JULIE HYMAN: John, to go back to the cars with people actually driving-- non-autonomous-- ones where people actually drive the car-- what do we call regular cars, just regular driving cars?
JOHN ZIMMER: Cars.
JULIE HYMAN: Cars. To come back to the attracting drivers question for just a minute-- I'm wondering if you guys have been raising rates for drivers, and if you expect to continue to do so.
JOHN ZIMMER: Yeah. We have been increasing incentives for drivers to get back on the platform. And if you look at driver earnings, which is, you know, based on these incentives, but also just on how busy it is-- so how many rides you can get in an hour-- earnings in many markets are at an all-time high. Some markets are top markets. Drivers can earn between $35 and $40 an hour. And generally, we're seeing, you know, 20%, 30% higher driver earnings because of this higher utilization as well as the incentives.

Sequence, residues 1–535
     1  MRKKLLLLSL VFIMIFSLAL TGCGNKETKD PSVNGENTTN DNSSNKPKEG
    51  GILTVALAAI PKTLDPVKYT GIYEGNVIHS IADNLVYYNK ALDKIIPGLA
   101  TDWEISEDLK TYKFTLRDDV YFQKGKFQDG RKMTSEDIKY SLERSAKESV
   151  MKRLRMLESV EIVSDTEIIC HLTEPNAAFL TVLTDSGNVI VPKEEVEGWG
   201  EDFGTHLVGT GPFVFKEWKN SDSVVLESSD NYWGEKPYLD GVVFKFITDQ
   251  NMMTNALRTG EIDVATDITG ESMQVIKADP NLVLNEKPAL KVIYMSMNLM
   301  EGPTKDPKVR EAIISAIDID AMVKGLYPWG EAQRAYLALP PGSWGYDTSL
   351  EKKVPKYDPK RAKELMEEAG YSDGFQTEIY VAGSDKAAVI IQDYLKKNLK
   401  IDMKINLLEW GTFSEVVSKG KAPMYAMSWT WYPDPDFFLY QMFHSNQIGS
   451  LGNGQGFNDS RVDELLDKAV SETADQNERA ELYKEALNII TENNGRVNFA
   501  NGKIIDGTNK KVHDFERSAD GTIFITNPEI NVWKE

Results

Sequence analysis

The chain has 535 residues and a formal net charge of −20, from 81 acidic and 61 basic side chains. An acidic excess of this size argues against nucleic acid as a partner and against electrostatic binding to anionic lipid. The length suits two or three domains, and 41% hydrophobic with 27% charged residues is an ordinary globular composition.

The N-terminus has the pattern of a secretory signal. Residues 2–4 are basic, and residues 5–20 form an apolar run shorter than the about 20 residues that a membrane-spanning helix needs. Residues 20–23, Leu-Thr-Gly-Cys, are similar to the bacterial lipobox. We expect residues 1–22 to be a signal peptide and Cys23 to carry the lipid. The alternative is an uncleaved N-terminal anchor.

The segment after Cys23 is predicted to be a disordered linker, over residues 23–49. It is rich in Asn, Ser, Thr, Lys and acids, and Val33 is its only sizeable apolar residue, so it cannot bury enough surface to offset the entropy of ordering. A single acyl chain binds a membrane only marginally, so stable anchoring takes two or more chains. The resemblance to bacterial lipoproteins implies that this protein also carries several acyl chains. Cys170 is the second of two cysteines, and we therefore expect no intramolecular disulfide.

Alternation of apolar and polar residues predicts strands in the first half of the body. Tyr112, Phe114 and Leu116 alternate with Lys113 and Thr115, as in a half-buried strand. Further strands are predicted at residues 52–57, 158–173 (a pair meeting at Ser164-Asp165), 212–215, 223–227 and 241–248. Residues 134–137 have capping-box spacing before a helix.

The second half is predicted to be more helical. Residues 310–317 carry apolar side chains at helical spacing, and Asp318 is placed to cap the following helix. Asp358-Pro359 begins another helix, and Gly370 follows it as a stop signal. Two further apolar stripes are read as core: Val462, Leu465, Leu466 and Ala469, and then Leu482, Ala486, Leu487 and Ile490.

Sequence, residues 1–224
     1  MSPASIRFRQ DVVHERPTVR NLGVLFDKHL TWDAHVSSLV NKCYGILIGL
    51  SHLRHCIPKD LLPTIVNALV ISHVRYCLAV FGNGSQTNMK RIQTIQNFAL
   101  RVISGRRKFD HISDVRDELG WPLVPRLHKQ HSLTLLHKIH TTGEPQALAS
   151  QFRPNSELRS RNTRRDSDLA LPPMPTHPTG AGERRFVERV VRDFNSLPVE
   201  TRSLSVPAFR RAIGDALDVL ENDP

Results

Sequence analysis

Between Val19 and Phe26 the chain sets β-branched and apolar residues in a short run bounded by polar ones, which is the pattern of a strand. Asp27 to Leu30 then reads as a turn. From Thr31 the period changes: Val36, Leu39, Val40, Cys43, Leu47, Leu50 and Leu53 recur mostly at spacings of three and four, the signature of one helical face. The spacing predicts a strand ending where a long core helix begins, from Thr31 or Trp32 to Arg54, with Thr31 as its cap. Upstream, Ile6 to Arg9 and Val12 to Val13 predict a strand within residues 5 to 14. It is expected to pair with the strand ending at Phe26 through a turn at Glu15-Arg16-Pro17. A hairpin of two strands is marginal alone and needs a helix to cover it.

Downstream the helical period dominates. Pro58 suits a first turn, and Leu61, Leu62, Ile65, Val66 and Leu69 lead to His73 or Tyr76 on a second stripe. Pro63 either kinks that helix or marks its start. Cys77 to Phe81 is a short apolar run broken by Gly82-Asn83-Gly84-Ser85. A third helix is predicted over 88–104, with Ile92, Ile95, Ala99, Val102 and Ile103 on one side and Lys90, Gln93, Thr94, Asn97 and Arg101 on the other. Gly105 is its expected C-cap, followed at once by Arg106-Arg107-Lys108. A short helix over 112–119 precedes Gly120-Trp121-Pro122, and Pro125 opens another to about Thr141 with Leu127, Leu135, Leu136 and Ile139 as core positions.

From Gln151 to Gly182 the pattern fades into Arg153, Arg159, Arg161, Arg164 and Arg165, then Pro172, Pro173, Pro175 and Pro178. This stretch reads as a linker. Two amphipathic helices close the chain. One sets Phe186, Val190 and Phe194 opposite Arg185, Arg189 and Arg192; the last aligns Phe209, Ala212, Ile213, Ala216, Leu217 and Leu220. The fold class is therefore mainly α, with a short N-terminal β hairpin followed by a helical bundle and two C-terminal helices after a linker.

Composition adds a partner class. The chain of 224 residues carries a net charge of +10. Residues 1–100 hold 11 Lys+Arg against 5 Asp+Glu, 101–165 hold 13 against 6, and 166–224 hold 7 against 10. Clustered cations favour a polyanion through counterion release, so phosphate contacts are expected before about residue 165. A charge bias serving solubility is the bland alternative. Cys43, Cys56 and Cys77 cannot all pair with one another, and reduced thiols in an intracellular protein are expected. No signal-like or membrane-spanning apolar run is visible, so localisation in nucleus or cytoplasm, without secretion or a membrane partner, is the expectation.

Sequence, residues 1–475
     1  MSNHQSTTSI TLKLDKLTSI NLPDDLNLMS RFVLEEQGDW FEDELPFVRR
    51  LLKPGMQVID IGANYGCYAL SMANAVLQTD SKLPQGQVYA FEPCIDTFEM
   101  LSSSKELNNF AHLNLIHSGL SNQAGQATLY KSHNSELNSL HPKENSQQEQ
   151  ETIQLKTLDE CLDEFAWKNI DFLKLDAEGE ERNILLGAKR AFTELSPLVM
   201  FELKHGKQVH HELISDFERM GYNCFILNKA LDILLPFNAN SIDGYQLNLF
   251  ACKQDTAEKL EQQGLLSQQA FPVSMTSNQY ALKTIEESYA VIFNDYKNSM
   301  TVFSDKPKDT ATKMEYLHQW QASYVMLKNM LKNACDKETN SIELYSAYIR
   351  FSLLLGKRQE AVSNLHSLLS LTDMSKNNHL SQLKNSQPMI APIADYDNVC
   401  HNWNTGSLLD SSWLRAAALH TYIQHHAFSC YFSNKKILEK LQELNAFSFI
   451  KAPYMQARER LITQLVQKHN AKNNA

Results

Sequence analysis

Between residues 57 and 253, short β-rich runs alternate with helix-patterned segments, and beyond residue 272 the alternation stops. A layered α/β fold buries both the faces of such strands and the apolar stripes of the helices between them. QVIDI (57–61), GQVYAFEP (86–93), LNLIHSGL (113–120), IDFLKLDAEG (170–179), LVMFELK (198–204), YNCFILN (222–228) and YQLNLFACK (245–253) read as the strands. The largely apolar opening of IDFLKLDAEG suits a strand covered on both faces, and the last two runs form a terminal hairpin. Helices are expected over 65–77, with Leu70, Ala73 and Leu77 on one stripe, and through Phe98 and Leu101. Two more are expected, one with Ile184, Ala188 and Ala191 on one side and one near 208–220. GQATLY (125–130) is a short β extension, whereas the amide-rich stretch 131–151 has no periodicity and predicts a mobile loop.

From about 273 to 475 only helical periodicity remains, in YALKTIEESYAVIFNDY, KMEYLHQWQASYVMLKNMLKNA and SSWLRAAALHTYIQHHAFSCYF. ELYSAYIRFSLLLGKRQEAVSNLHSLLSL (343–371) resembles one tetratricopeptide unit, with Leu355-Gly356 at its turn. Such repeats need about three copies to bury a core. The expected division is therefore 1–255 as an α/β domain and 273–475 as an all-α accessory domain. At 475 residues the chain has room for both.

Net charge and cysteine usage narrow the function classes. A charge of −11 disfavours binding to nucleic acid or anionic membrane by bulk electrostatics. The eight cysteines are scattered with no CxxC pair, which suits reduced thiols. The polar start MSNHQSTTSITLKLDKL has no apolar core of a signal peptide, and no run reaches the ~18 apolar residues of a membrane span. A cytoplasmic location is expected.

BRIAN SOZZI: Has the cost of taking a ride on the platform gone up, and by how much?
JOHN ZIMMER: It depends on the time of day, obviously, and the market. But yes, if it's more busy at a given time, we've always had dynamic pricing. And so that's the important piece about getting drivers back on the platform to bring things into a better balance.
BRIAN SOZZI: And, John, Myles mentioned-- so you did-- you are selling that autonomous driving unit. And you expect to be adjusted EBITDA profitable in the third quarter. Do you expect to be a sustainably profitable company moving forward after that third quarter?
JOHN ZIMMER: That is the plan, yes, you know, on an adjusted EBITDA basis. And then we'll follow, obviously, with full profitability at the right point. But this is-- the economics of this model are good. We're ready to show that to the world to the market while also investing in growth.
There's a lot more to come. We're scratching the surface on this transition to transportation as a service. And we intend to lead that into the coming years.